By Robert L. Moore, MD, MPH, MBA, Chief Medical Officer
People almost invariably arrive at their beliefs not on the basis of proof but on the basis of what they find attractive.”
Clinicians strive to base our diagnostic and treatment practices on appropriate interpretation of scientific studies. The Evidence Based Medicine (EBM) movement has grown in the past 50 years to help create frameworks for evaluation and application of such studies. The worthy goals of EBM are to avoid unnecessary interventions that can potentially harm patients, and improving the health care that we do provide.
The term “evidence based” is sometimes misused.
I recall a resident physician from UCSF, commenting on a particular intervention: “there is no good evidence that this intervention works.” In this case, however, there was no strong evidence for any other intervention, including the one used at UCSF. The resident earlier had pointed to previous studies that showed both a lack of statistical improvement with an intervention, and a “trend towards benefit.”
On the other hand, a study can be done that shows that an intervention has no benefit. These two situations are not equivalent. “Lack of evidence of benefit” is not the same as “evidence that an intervention does not work.”
In the first case, a clinician can very defensibly try out the intervention if there is not established superior treatment. In the second case, when studies definitively show no benefit, a clinician would arguably be practicing substandard medicine to use the particular intervention.
Evidence based medicine was also misused several times in the Covid-19 pandemic. Transmission of earlier Coronaviruses causing SARS-1 and MERS was found to be impeded by use of masks. Early in the Covid-19 pandemic, before studies could have been conducted proving that use of masks also reduced transmission, the Center for Disease Control and Prevention (CDC) stated that mask wearing by the public was not recommended, because of the absence of evidence that masks helped. It incorrectly implied that absence of evidence of benefit meant that there was no benefit, even though the prior probability based on related viruses suggested that a benefit was likely. When the evidence became available and the message flipped to recommend masks and later highly effective masks to prevent transmission, this fundamental change in recommendation contributed to lack of trust in the CDC.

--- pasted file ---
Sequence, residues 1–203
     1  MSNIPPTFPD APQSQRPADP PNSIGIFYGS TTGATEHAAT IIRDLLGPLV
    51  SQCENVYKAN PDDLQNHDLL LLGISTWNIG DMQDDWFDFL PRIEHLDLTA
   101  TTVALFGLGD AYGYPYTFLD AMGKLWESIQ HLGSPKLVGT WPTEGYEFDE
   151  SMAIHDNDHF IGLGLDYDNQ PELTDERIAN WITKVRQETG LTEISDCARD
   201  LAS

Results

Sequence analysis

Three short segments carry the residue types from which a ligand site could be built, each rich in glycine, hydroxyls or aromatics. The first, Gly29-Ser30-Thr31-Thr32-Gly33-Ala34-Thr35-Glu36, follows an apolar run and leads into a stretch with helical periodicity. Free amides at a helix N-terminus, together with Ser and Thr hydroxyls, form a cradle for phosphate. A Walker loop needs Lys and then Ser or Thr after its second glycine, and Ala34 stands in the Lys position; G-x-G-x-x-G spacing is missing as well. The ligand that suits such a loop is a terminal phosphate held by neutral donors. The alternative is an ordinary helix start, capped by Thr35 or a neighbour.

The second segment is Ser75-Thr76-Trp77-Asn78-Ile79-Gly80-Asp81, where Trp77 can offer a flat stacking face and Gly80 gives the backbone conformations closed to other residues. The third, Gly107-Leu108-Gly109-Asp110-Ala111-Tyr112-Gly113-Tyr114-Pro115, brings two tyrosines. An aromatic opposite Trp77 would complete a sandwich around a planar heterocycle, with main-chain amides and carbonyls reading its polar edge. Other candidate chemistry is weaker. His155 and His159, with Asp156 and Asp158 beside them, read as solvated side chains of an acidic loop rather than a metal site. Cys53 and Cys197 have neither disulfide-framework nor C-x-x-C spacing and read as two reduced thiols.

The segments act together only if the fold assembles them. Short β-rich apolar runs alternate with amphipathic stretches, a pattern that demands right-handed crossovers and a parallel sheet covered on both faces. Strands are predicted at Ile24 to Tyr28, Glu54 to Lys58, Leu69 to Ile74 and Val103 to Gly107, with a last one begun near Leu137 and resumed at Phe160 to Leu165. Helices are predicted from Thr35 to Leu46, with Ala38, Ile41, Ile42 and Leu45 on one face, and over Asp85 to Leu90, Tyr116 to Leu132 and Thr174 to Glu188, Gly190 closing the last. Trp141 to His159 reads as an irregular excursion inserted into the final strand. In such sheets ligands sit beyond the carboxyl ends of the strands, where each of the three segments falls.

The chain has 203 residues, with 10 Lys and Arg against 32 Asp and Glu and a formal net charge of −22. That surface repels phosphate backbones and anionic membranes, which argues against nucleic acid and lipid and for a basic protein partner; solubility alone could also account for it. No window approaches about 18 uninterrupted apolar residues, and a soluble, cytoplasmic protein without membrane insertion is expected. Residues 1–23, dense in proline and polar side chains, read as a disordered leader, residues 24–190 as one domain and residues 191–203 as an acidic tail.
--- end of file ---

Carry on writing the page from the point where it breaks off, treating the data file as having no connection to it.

In behavioral health and social science research, the “evidence-based practice” is a standard requirement for programs to be funded. For example, an academic study of a new behavioral counseling technique might show that it reduces depression symptoms by 5%, from an average PHQ9 score of 20 to 19. Technically, this is evidence based—a published study showing a benefit of this intervention. Many government grants would allow this intervention to be implemented more widely.
Implementing this “evidence-based” intervention would be a mistake, for two reasons:
First, the setting that this academic study was done almost certainly differs from any real-world setting. “Implementation science” studies such questions. In general, four different replications of a behavioral intervention in different settings all with a similar benefit are needed to have a 95% or greater confidence than another implementation of this intervention will also have the same benefit.
Second, although the 5% reduction may be statistically significant, is it not clinically meaningful. Sadly, one often has to read scientific studies carefully to see if a difference is clinically meaningful.
The term “evidence based” has also been used to disparage a person’s educational level. For example, a community health worker (CHW) with at 10th grade education may be intuitively skilled at connecting with clients and getting them to change behavior yet lose a job to a more educated and articulate applicant if the hiring manager, instead of recognizing that the CHW has not been trained on “evidence-based approaches,” says that the CHW does not use such approaches. This statement is arguably a reflection of implicit bias against someone with less formal education.
All of these examples of misuse of “evidence based” are a reflection of cognitive biases of one form or another. In the first case, the resident preferred one approach over another and incorrectly used the term “evidence based” to disparage one approach and prop up another. This is sometimes called the “confirmation bias” or the “my side” bias, a very common and very human bias to which scientists are not immune. In the second case, many Asian countries commented on the bias against public mask wearing in the United States, which likely played a role in the early recommendation to NOT wear masks to limit the spread of Covid-19. In the third case, the confirmation bias is also at play, because the researcher really wants something important to come out of their research, as this more often leads to publication of studies, invitations to give talks, and academic reputation.
When someone smart uses “evidence based” to promote or disparage a particular practice or treatment, our internal bias-detection should move into high gear. Switch to system 2 thinking (slow thinking), and critically review the underlying evidence for statistical significance, clinical meaningfulness, and replicability.